The tests of the model indicate that many of the independent variables have different influences on UNCOM and UNSAT.
In the Canadian sample, beliefs about union instrumentality (WORKINST) are positively and significantly related to both UNCOM and UNSAT (p < .
The union information variables appear to have different effects on UNCOM and UNSAT, suggesting a pattern of difference between the two constructs.
The significant relationship noted between these variables and UNCOM is consistent with the notion that UNCOM develops over time, and is more stable than UNSAT (all these variables reflect information obtained in the past).
Co-workers, on the other hand, may not have similar values, but they share experiences in connection with the union; and the positive relationship between COWORKERS and UNSAT may reflect the influence of co-workers' opinions about the union on evaluations of union performance by the respondent.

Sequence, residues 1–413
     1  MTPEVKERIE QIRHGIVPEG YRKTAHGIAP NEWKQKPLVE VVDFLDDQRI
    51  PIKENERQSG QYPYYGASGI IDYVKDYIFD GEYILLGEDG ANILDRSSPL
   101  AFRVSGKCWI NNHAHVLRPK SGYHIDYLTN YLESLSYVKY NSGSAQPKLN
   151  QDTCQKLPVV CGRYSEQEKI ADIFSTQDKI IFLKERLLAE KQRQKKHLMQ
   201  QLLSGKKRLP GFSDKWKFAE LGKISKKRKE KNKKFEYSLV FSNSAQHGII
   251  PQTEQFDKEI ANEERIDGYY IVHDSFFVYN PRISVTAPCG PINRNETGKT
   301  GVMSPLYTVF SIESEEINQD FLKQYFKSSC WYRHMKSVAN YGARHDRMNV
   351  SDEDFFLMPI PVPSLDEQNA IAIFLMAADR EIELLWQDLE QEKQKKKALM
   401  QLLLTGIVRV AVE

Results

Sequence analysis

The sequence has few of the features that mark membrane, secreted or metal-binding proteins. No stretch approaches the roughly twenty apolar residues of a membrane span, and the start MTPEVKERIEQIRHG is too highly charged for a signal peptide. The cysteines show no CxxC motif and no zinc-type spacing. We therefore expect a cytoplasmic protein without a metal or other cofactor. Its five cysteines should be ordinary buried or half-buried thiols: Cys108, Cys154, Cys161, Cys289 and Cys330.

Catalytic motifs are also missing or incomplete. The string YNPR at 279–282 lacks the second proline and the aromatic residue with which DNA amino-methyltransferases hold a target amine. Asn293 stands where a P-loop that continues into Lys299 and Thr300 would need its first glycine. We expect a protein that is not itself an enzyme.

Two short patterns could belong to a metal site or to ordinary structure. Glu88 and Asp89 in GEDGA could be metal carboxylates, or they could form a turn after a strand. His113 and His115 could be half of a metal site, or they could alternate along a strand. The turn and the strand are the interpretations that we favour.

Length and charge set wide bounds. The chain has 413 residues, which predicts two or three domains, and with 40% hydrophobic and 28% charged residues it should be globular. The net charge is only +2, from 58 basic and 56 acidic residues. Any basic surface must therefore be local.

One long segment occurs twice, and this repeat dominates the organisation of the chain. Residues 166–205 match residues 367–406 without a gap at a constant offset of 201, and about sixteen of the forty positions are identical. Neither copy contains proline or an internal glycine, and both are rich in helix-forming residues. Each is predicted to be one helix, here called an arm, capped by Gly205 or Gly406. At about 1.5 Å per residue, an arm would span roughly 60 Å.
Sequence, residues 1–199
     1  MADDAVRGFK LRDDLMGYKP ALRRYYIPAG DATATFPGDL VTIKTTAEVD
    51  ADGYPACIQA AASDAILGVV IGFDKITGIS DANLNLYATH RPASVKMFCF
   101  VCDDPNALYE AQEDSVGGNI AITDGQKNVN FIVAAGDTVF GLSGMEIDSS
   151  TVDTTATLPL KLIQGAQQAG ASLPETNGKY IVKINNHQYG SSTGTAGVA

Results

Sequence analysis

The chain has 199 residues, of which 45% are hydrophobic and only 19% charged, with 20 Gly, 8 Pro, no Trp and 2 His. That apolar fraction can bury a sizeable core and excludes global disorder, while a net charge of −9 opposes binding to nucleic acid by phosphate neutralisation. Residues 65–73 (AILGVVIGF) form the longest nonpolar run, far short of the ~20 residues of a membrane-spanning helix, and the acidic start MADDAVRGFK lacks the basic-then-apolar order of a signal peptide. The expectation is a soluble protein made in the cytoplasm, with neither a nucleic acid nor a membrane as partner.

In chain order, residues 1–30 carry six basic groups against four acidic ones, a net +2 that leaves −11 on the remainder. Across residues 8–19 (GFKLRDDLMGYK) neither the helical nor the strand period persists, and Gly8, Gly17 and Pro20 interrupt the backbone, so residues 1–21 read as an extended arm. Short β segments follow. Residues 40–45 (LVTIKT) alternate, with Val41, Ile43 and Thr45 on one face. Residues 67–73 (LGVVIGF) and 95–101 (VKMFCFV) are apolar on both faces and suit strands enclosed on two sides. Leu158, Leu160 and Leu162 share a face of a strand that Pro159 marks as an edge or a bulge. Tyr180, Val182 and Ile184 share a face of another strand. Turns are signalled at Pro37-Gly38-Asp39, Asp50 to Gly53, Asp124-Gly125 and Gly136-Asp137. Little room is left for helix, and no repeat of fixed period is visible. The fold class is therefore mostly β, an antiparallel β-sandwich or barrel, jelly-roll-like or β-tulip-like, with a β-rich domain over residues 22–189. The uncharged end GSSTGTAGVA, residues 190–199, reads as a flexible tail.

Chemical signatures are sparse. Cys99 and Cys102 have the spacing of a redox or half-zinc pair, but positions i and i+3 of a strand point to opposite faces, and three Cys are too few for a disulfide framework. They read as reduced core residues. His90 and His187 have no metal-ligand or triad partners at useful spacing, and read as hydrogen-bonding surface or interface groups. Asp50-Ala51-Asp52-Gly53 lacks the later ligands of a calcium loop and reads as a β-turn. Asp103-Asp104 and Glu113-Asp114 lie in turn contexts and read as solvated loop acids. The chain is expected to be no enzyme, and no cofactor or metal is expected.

In the Canadian sample, both measures of job satisfaction, EXTSAT and INTSAT, have strong positive relationships with UNSAT and no significant relationship with UNCOM.
In both countries, the models appear to explain a greater proportion of the variance in UNCOM than in UNSAT, suggesting that the model may be underspecified in the UNSAT equation.
2] for both UNCOM and UNSAT increased by one or two percentage points only.
001) related to UNSAT in Sweden and Canada, INTSAT was negatively related to UNSAT in Sweden.
A test of the hypothesis that each non-intercept (unstandardized) parameter for both dependent variables is the same across samples (that is, in a comparison of the UNCOM equation in Sweden with the UNCOM equation in Canada, and of the UNSAT equation in Sweden with the UNSAT equation in Canada) cannot be rejected for most variables.